All Saints’ Sunday is one of my favorites of the church year. A time to commemorate all the saints who have gone before us and are at rest, all the saints who still form the church on earth today, and all the saints who are yet to be. Together forming one mystical communion that crosses the bounds of time and space.
And then we had our gospel reading, the Sermon on the Plain in Luke, one of my favorite passages. Luke doesn’t go Matthew’s route and spiritualize the conditions Jesus calls blessed: there’s no “blessed are the poor in heart, blessed are those who hunger and thirst for righteousness’ sake.” Instead for Luke it is just “blessed are you poor, blessed are you hungry.”
So, favorite day, favorite passage, this should be easy, right? The challenge was making these two things speak to and inform each other. What do the Beatitudes have to do with All Saints’? What does All Saints’ have to say about what blessing means?
Grace to you and peace from God our Father and from the Lord Jesus Christ. Amen.
They’ve come from all around. The nearby villages and towns, but some from Jerusalem and all over Judea, even as far away as Tyre and Sidon. They’re dusty and tired, but they’ve come to see this Jesus that they’ve heard about. They’ve heard he can heal people who have been sick for years. They’ve heard he can cast out demons. They’ve heard about the kingdom he talks about—a kingdom where the blind will see, and the prisoners will be released. And they want to know it for themselves.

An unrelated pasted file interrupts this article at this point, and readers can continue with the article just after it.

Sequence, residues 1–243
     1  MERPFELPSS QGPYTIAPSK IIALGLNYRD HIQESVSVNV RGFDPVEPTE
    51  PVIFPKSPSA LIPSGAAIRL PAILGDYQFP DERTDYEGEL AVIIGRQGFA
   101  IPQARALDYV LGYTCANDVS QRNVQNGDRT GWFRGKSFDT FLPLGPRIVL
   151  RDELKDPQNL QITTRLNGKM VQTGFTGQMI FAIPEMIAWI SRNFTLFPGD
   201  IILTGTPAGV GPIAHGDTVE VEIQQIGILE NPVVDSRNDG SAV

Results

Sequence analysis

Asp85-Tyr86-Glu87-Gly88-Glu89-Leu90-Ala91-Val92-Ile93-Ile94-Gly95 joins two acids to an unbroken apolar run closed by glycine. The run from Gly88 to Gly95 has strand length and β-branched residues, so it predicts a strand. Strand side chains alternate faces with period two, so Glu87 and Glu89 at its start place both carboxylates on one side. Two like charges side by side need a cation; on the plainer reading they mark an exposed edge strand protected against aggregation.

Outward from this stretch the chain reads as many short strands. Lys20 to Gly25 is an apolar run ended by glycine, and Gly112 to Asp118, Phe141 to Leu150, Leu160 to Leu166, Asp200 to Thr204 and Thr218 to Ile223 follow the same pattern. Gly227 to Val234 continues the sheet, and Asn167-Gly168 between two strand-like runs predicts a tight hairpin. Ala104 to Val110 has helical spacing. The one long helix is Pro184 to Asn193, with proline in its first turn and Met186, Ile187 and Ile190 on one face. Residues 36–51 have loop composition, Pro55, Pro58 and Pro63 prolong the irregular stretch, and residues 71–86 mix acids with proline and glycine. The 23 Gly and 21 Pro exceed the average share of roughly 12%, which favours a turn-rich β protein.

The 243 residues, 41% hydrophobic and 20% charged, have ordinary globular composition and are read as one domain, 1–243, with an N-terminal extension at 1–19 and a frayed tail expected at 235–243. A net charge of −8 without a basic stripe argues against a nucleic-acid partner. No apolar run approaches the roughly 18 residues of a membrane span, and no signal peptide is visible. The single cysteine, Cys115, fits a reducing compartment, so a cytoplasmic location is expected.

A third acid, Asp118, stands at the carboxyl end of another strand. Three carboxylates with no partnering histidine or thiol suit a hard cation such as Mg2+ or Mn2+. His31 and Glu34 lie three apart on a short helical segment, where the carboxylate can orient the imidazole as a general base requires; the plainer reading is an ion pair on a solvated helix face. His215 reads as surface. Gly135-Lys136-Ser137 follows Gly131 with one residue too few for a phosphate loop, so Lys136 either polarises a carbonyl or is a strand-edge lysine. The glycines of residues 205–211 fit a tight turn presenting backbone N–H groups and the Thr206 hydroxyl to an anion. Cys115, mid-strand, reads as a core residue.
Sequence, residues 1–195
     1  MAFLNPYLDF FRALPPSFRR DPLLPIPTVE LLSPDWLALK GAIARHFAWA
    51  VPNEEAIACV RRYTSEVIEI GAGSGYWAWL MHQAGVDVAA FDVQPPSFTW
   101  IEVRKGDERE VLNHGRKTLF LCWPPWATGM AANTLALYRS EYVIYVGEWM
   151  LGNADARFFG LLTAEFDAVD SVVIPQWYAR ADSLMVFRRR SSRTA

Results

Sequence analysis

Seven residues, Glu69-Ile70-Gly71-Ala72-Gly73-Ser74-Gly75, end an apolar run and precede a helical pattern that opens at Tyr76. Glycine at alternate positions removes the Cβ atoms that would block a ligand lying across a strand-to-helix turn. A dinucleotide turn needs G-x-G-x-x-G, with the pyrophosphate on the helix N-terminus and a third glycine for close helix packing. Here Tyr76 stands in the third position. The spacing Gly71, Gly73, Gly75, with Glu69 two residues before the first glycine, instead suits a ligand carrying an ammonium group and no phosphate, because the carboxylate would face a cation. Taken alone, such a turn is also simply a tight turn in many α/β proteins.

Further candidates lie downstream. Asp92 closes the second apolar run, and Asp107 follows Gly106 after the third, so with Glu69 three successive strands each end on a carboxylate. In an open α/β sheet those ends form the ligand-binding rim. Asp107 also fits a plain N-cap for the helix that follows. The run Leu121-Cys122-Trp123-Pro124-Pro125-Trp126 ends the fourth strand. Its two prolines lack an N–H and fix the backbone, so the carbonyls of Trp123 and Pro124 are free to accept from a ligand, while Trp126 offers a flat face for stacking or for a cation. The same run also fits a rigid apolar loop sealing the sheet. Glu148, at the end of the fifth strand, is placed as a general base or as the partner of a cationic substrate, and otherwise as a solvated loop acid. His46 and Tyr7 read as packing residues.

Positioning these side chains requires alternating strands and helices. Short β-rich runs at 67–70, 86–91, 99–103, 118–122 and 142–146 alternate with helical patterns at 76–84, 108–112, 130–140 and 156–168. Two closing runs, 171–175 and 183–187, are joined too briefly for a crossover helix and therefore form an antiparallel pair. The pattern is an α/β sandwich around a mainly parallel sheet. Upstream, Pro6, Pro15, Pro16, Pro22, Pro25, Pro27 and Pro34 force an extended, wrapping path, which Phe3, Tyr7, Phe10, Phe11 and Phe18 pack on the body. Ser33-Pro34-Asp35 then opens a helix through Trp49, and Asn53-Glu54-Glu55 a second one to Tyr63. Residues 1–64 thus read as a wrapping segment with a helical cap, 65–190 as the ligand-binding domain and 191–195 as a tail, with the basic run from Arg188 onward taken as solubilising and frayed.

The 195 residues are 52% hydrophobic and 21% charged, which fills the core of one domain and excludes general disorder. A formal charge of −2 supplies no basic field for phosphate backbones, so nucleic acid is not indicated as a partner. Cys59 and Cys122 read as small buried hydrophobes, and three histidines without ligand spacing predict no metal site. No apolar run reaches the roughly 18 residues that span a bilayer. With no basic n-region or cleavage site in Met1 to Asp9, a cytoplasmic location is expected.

Some are poor and hungry, but hope that through seeing Jesus they might be fed. Others are dressed in fine clothes and are curious about what this Jesus means for them. Some are limping with illness and pain after their journeys. Others have rested at inns along the way. And as they watch, he and his newly chosen disciples come down off the mountain. And Jesus stands on a level place with the rest of the crowd. They’re reaching out to him, hoping to touch just a piece of his cloak. Hoping for healing. Hoping for a miracle.
And then he speaks. Only it’s not to heal or to cast out demons. It’s not to teach. It’s to bless them. He speaks right to them, as if they were important people, and says: Blessed are you who are poor, blessed are you who are hungry, blessed are you who weep. Blessed are you when people hate you, and when they exclude you, revile you and defame on account of the Son of Man. Leap for joy and be happy!